Is there an economic value of one’s soul? “By divine good fortune I live in the most glamorous era of a famously enticing city. By obscene misfortune I’m shut out by its ruling elite.” Daring ways to make it big are on offer in Mexico City in the 1940s, but best watch your back! If Arturo Fuentes barters virtue to maneuver in on the action, will the consequence of his choices be too much to bear?
The rebirth of one of the world’s most colorful cities forms the rich backdrop for this historically discerning tale of treachery, intrigue and political corruption.
“My entire family was stuck for generations in that isolated village south of Veracruz where I was born. When you’re fourteen, know you are a dreamer and learn to be a schemer, you can’t stay and so you start planning for the day.”
In 1941, 21-year-old Arturo Fuentes followed the beat to Mexico City.
“There was so much going on!”
Bottles of rum in smoke filled bars, sultry women and impassioned conversation, music and bright show lights calling. Murder and corruption.
“A man moving up meets all kinds of people in that seductive city. Powerful men to boost your business prospects or a real dish who will change your life. Without women, life is without drama.”
“Arturo has goodness in his heart. I could tell in an instant. He was so easy to love. Arturo couldn’t sense the warning signs like a woman does. That pack of important politicos sucked him in! You can’t play their games and expect to walk away.”
“She was right! Each day my reasons for quitting got bigger and the ways out got smaller. I had to do what I had to do to save my soul.”
Praise for City of Promises
“… beautifully merging together historical fact with inspired fiction, this remarkable story is enlightening, illuminating and thoroughly compelling…” -Goodreads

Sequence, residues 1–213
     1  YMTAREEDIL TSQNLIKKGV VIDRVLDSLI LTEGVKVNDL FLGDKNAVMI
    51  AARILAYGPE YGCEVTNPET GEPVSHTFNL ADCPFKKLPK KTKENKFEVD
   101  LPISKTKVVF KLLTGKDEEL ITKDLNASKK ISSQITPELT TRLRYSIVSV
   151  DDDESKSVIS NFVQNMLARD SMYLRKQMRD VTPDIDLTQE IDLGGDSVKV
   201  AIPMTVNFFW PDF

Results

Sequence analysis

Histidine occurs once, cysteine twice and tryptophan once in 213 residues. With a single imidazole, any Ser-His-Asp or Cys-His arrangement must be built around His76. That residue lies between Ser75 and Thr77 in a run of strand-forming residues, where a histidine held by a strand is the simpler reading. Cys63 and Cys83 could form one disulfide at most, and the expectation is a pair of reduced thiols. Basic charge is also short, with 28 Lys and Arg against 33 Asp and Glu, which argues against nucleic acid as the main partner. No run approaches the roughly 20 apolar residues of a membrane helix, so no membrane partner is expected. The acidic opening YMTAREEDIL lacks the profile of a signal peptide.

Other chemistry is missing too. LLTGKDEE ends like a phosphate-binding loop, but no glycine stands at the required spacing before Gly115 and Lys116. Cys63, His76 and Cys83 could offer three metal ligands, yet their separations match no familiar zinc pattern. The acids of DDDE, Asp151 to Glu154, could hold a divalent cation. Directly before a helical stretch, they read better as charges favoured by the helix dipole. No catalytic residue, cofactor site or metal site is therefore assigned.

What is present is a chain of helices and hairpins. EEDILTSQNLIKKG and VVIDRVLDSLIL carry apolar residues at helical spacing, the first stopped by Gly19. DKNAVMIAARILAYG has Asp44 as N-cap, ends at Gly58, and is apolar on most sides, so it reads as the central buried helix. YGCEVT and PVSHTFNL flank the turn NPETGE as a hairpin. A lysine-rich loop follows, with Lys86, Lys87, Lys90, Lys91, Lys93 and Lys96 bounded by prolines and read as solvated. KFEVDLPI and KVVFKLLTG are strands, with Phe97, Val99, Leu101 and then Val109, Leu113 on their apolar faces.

“… a dazzling story of an eager young industrialist drawn to a myriad of big city temptations yielding experiences of tragedy, corruption, misfortune and prosperity …” – el Popular
“Fitter has efficiently dealt with time and place that makes the story come alive in the imaginations of the readers.” – Bookpleasures
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About the Author
D. Grant Fitter is a citizen of North America. Born in Ontario, Canada and educated in Colorado, USA, he is convinced he was Mexican in his previous life. How else to explain such a strong attraction to Mexico and all things Mexican, including his wife.
His business career includes long stints of work in Mexico before yielding to a pesky urge to pursue freelance journalism for seventeen years. Meanwhile, Fitter’s Mexican roots continued to call. City of Promises is the product of his curiosity to understand why the culture of our close neighbors is so distant from our own.
He lives in Toronto and whenever possible, in a sunny hillside casita in the colonial town of Taxco, Guerrero.
Virtual Book Tour Schedule
Monday, April 14 Review at Svetlana’s Reads and Views
Wednesday, April 16 Review at Book Nerd
Friday, April 18 Interview at Caroline Wilson Writes
Monday, April 21 Spotlight & Giveaway at The Bookworm
Wednesday, April 23 Guest Post at Layered Pages
Thursday, April 24 Interview at From the TBR Pile
Thursday, May 1 Review at Book Journey
Monday, May 5 Review & Giveaway at Closed the Cover
Wednesday, May 7 Guest Post at Jorie Loves a Story
Thursday, May 8 Review & Giveaway at A Bookish Affair
Monday, May 12 Spotlight & Giveaway at Passages to the Past
Thursday, May 15 Review at Reviews by Molly